And it looks nice, all fluffed up like that. It is important to have a little air exchange in the soil. Most microbes are aerobic and they need oxygen to function properly. The rototiller does this at no extra charge. And it helps to level the rows and our side hills. Ernie had to terrace some parts of the vineyard due to the steep side slopes. The rototiller helps move the soil from the uphill side to the downhill side, making a level surface to drive on. The rototiller is not such a bad implement after all.

Next Ernie hooks up the Schmeiser seed drill! Woohoo! We are going to drill some cover crop now! This is the third and final pass in the cover crop rows, putting down the new summer cover crop seeds.

Click on the image to see Ernie and the Schmeiser in action.

Amalie Robert Estate is a dry farmed vineyard, we are “True to the soil and True to the vintage. ®” So the summer cover crops have to get by on the morning dew we receive from our on-shore flows coming in from the Pacific Ocean. These cover crops also have to provide nutrition for the voracious, carnivorous insects that roam the vineyard.

Lady bugs, earwigs, mites and all other manner of insects are on guard against cane borers and parasitic mites that feed on our vines. These good bugs are the front line of defense in keeping our vines healthy and producing world class wines.
And when they can’t find bad bugs to eat, you still have to feed them. That’s one reason we use Buckwheat and Vetch for our summer cover crop blend. These plants need very little water, produce pollen (which is protein) for our army of good bugs and will set Nitrogen to feed our vines in the fall.

When it is all said and done, Ernie makes 3 passes in every other row to set our vineyard floor straight for the growing season. It’s about 18 acres worth of land, or 20 lineal miles that he is cycling through. Those 3 passes combine to make a total of about 60 lineal miles, at about 2 miles per hour. This saves him from having to use chemical fertilizers to feed our vines, and that is a good thing. And he has to mow the permanent rows, twice, at 3 miles an hours - go speed racer! If you sent Ernie an e-mail in April and did not get a response, now you know why. What a Springtime workload this man has!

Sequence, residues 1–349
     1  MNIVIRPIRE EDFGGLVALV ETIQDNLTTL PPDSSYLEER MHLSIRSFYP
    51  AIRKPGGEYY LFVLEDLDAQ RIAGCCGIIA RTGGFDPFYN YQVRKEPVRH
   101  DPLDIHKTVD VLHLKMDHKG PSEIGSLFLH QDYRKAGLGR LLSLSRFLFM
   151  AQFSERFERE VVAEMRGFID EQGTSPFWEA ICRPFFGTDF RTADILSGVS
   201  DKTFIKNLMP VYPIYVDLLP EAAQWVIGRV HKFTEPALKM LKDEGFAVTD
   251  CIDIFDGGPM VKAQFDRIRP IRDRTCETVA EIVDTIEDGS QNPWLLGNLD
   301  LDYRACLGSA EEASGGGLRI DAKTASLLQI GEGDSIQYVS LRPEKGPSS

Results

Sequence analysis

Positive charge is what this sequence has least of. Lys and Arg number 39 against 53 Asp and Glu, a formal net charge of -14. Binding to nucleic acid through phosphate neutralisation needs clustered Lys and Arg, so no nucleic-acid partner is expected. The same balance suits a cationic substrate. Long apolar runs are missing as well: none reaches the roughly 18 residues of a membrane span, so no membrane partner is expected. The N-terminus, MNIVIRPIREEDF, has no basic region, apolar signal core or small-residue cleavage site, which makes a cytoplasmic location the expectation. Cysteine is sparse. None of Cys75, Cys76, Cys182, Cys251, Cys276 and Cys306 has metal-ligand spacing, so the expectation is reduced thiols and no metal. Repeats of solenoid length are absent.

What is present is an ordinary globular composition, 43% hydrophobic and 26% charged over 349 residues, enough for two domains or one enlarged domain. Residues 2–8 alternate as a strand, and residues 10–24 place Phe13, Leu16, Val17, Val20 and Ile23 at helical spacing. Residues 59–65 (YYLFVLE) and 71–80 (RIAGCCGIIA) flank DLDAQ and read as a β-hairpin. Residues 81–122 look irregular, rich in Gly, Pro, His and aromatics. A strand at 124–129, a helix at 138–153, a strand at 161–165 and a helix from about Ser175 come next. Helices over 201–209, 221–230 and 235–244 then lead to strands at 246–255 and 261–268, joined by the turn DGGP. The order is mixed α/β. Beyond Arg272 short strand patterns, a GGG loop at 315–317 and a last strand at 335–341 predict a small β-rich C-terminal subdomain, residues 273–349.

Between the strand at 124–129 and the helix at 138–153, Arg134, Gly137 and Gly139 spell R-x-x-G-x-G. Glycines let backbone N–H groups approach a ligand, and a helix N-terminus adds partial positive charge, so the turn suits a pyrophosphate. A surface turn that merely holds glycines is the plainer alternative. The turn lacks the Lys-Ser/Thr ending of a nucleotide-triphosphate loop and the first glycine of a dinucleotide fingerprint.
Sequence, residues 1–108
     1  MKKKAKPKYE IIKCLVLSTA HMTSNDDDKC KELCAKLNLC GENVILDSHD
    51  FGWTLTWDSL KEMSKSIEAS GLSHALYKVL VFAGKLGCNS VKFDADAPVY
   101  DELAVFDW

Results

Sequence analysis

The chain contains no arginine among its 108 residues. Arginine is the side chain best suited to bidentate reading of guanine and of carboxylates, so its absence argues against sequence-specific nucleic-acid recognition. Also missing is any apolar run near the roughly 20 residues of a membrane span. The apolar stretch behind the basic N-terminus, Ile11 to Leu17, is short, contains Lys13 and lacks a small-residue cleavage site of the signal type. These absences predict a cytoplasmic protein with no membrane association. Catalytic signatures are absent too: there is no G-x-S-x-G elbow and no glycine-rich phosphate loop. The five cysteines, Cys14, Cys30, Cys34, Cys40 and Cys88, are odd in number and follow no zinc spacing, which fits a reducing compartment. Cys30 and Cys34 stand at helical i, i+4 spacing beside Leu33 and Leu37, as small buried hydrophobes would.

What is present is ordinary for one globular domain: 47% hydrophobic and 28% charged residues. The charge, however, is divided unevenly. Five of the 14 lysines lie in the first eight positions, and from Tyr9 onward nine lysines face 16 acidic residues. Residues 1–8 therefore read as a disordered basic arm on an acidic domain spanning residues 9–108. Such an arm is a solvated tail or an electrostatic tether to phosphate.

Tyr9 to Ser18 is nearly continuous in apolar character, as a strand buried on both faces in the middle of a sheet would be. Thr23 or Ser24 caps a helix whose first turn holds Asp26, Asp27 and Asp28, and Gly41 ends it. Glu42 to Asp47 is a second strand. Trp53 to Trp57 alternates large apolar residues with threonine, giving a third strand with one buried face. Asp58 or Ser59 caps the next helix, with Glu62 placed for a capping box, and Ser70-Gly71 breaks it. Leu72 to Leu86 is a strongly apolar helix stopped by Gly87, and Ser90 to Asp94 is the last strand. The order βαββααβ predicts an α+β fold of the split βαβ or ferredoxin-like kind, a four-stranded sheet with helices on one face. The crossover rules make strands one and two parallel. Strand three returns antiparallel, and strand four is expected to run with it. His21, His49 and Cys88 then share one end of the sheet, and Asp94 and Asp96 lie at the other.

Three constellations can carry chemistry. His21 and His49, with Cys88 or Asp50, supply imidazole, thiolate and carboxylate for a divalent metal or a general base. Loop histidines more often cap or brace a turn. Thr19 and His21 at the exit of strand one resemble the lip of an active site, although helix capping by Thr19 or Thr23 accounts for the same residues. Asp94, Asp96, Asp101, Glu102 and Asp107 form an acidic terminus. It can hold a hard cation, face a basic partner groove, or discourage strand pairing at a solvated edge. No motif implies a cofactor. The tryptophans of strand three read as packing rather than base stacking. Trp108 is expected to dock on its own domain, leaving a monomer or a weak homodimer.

Ernie, right in the middle of it.

Now before we get onto the task of shoot positioning, raising catchwires, and harnessing all of the vine’s Springtime growth, let’s do the numbers while we still have time.

The high temperature for April was 82.90 degrees recorded on the 24th at 3:24 pm. The low temperature was 31.50 degrees recorded on the 3rd at midnight. After gently massaging 3,600 data points, we find an April degree day accumulation of 110.10 degree days. The second half of the month was responsible for 71% of the heat accumulation, logging 78.65 degree days.

And we start the 2018 growing season with our soils holding a good amount of moisture. Rainfall for April totaled 5.80 inches. As a dry farmed vineyard, our objective is to manage the available soil moisture through the summer growing season.

If we can make it to September, we usually can get a little rainfall to extend our ripening period into October. As we are all painfully aware after these last few vintages, sugar accumulation is a function of heat, and aroma and flavor are a function of time on the vine.

Kindest Regards,

Dena & Ernie